Jared Kushner to be questioned over alleged Trump-Russia ties

President Donald Trump's son-in-law and aide, Jared Kushner, will be questioned by a US committee investigating alleged ties between the Trump team and Russia.

Mr Kushner has volunteered to speak to the Senate Intelligence Committee, the White House said.

It is examining Russia's alleged interference in last year's election.

The US intelligence community believes alleged Russian hacking during the presidential election was done to help Mr Trump defeat Hillary Clinton.

Russia denied the allegations and President Trump has branded the story "fake news".

There are two congressional investigations into the issue, plus an FBI one.

Meanwhile, Democratic lawmakers have been calling for Republican Devin Nunes, chairman of the House Intelligence Committee, to withdraw himself from all further investigations into possible links between the Trump team and Russia.

House Democratic leader Nancy Pelosi said he had discredited himself by secretly visiting the White House to review intelligence documents, before announcing he had information that Mr Trump and his advisers may have been subjected to incidental surveillance during the election.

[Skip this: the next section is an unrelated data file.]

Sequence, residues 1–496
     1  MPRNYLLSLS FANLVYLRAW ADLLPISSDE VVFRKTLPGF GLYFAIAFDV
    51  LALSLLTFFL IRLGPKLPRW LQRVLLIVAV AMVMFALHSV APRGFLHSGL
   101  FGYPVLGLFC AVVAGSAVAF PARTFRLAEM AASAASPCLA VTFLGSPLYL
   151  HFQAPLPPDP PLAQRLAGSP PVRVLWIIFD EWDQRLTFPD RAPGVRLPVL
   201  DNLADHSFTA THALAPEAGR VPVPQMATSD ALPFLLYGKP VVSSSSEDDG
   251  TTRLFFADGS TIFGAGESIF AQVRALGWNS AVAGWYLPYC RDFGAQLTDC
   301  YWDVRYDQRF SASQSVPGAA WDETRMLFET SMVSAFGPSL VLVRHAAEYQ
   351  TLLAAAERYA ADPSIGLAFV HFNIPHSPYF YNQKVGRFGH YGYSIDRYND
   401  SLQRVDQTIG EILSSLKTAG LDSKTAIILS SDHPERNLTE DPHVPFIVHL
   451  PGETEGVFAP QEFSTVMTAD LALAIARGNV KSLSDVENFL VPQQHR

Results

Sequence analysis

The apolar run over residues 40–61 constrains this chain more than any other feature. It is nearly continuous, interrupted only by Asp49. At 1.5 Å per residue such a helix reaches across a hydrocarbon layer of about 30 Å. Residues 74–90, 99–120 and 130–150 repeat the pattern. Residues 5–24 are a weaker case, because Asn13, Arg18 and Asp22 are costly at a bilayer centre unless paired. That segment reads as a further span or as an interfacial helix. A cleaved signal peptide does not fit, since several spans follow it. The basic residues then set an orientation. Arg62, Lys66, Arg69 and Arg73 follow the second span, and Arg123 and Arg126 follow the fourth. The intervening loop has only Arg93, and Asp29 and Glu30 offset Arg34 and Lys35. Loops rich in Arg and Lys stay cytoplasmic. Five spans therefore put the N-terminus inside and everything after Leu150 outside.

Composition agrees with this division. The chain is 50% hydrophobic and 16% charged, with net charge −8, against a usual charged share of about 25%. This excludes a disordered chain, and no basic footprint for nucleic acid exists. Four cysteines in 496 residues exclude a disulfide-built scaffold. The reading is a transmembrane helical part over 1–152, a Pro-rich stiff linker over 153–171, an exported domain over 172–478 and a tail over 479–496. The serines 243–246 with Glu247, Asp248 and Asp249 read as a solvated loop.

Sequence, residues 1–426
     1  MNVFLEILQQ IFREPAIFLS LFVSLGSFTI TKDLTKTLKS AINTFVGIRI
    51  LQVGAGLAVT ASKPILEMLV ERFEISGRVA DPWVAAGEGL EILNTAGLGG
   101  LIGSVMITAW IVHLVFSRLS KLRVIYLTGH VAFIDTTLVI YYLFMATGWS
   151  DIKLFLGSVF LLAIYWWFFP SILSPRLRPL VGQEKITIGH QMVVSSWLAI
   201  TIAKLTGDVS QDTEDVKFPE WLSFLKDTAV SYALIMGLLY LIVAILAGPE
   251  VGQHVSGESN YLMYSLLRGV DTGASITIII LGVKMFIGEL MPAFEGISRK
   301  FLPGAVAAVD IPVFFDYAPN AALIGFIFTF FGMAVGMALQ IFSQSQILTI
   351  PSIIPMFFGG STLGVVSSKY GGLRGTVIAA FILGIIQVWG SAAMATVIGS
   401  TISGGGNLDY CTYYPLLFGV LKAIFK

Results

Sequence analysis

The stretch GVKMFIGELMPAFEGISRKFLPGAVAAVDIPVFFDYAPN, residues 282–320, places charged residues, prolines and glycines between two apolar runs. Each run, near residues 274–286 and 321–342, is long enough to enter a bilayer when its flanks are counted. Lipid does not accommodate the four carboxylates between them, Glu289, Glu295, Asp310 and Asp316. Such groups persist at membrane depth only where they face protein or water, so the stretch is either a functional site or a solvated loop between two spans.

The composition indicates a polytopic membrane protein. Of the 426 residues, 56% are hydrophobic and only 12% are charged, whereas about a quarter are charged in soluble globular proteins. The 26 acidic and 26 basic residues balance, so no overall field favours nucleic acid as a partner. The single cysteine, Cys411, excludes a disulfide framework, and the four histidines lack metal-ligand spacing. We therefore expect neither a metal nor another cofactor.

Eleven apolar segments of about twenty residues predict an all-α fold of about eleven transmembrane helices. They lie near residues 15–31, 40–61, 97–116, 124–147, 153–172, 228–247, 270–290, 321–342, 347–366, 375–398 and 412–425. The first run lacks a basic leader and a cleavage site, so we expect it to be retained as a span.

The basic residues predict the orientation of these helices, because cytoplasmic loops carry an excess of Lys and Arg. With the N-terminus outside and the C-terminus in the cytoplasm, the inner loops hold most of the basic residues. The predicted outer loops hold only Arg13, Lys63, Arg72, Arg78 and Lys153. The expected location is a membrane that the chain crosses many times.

Mr Nunes' spokesman said he had visited the White House as it was "a secure location where he could view the information provided by the source".

However, Adam Schiff, the top Democrat on the intelligence committee, said the White House visit, which was kept from other committee members, showed Mr Nunes was too close to the administration to "lead a credible investigation".

The Senate committee wants to question Mr Kushner about two meetings he allegedly arranged with Russian officials as a senior aide to Mr Trump during the transition, officials told the New York Times.

The first was with Russian Ambassador Sergei Kislyak at Trump Tower in New York in December. The second was with the head of Russia's state-owned development bank.

White House spokesman Sean Spicer said Mr Kushner had not invoked executive privilege, and would testify because his job with the campaign was to be a "conduit to leaders".

"That was his role and he wants to makes sure that he's very clear about the role that he played, who he talked to, and that's it," Mr Spicer said on Monday.

White House staff told the New York Times nothing significant was discussed and members of the president-elect's team routinely met Russians and other foreign delegations.

source: BBC

Category: